We are staying in an amazing hostel where the owners live in the adjacent unit. When I told people that we would be staying in a hostel during our time in Isabel’s city, they thought I was insane. This is a huge home on a giant hill, with a locked gate at the bottom of the stairs, and then again at the top. There are two sides to the home, one where the hostel is located, and the other where the owners live with their son. They are an amazing couple with a 7 year old. The hostel is clean, and beautifully decorated, and our stay here has been wonderful.
We were originally going to have all 6 bedrooms in the hostel, but each day there has been someone knocking at the door begging for a place to stay for the night. Each time we’ve given up a bedroom and the backpacker that has stayed has been amazing to our kids. Our kids are getting to know about different parts of the world from the experiences of these people who have stayed with us, and they, in turn, have gotten to set aside some of their preconceived notions about Americans.
Last night as one of the owners sat with us to have a cup of aqua de panela, she told us about a little town, just outside the city, that is easily accessible by bus. We’re already staying in a hostel, with a stranger in the next room, with our 12 kids, one that we adopted three days ago. People think we’re insane.
Let’s do it.
So, we did. We rode the bus to Cabrera.
We packed a picnic lunch and ate on the steps of the church.
We quickly learned an important lesson about stray dogs in Colombia. They enjoy ham sandwiches, and also, they’re persistent.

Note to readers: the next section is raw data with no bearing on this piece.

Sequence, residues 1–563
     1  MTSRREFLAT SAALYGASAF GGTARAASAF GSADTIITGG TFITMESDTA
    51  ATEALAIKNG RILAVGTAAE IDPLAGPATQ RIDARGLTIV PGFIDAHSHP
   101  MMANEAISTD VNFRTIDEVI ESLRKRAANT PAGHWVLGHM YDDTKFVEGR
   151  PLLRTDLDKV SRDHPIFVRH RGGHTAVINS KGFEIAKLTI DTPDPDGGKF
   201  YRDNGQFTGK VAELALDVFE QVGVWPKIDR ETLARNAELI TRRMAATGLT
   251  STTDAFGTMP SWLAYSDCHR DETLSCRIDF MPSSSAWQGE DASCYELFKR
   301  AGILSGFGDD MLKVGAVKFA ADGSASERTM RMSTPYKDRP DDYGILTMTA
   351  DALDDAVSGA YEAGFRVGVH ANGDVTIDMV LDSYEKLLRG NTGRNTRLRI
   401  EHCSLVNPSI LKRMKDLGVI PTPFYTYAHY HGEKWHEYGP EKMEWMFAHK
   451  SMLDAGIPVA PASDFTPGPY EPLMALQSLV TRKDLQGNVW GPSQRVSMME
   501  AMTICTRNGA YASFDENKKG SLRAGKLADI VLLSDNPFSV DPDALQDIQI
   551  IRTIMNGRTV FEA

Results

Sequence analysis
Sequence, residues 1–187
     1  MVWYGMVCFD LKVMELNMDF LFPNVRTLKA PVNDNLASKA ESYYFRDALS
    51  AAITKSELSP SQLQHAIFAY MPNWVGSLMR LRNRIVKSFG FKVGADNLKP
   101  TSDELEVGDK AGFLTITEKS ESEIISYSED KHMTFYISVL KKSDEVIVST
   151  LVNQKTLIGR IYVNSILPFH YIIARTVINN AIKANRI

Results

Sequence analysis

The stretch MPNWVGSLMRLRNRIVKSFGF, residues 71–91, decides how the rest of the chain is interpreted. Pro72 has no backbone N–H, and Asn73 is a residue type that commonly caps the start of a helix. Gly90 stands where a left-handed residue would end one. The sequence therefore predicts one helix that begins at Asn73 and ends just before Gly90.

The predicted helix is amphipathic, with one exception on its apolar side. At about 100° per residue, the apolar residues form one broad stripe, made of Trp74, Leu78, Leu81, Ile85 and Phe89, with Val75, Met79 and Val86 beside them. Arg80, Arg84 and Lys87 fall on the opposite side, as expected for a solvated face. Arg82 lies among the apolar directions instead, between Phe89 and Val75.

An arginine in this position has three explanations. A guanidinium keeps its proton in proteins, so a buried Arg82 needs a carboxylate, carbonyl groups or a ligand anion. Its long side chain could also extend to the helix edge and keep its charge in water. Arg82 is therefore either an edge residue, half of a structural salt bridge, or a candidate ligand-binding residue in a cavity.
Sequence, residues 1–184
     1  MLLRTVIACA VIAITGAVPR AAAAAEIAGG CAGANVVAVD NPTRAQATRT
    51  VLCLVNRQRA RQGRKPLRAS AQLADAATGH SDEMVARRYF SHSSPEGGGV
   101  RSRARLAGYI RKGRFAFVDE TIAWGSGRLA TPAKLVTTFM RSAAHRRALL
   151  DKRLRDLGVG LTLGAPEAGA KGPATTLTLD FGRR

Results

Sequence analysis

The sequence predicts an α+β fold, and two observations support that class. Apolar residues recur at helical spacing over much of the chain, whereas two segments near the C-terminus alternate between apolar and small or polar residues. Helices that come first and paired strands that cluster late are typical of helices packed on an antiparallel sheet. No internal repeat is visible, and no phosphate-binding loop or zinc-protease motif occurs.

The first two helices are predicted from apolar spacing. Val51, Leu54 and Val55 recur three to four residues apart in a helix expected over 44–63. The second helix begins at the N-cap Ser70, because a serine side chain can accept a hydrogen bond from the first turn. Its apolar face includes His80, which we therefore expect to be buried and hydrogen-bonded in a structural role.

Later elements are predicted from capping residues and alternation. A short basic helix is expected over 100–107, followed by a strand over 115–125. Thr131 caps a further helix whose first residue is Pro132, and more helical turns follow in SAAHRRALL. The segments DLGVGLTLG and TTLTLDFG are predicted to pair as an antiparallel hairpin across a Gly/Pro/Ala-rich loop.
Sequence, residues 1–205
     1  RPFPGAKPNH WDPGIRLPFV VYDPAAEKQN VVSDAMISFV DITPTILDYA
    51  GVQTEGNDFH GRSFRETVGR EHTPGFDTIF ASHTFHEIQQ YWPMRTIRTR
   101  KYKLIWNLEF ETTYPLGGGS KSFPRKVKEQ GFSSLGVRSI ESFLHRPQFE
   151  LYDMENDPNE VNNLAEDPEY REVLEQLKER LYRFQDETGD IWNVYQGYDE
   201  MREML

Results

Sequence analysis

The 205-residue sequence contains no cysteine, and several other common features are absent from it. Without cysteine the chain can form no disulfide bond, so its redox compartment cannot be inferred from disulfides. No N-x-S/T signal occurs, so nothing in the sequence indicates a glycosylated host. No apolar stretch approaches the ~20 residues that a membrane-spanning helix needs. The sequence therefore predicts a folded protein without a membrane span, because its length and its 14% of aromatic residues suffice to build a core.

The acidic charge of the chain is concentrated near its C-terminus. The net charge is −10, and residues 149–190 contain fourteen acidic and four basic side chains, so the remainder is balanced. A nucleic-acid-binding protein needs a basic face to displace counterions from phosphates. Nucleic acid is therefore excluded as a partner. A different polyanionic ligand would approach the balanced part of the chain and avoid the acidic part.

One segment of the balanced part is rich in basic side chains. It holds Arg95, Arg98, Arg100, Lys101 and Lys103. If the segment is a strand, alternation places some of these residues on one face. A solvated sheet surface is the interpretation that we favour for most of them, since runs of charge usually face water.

We decided we would eat as we walked.
Cam and Ally are really enjoying carrying the little kids on their backs. No one asks them to do it, they just offer, and Cam couldn’t care less that the carrier he is using is covered in rainbows and unicorns.
Gigi fell asleep on Ally’s back and she quickly covered her to protect her from the sun. “We’re at a high altitude here.” We sure are.
Honestly, I don’t think I’ve ever hiked in a more beautiful place.
We got to the top of the mountain, and began to hike back down. First, we got a pic at the peak.
We decided that since the ham sandwiches were a bust, we would stop at the small restaurant in the town square and eat a little late lunch before we rode the bus back.
The Ecuadoran man who owns the restaurant was so kind. He found out that we have a tiny fan of everything meat, and he had some carne asada made just for her.
Gigi and Ally gobbled up all the corn with cheese. Yes, cheese. It was a soft cheese that was spreadable all over the ear of corn.
I have never had such wonderful yuca in my life. It was so perfectly prepared.
We are trying to see as much of the area as we can before we have to leave on Wednesday. Everyday is an adventure.
Tomorrow a social worker will come visit us in our little house on the hill. She will decide whether or not we are good enough to be Isabel’s parents. If her report is positive, an exit letter will be issued allowing us to leave the district with Isabel. This will begin the next step in the process, going to court to officially make her a member of our family.
That part will occur without me. The thought of leaving is killing me a little. So, I’ve decided to Scarlett O’Hara that for now, and think of it another day.
–FullPlateMom, who can’t wait to see what tomorrow brings.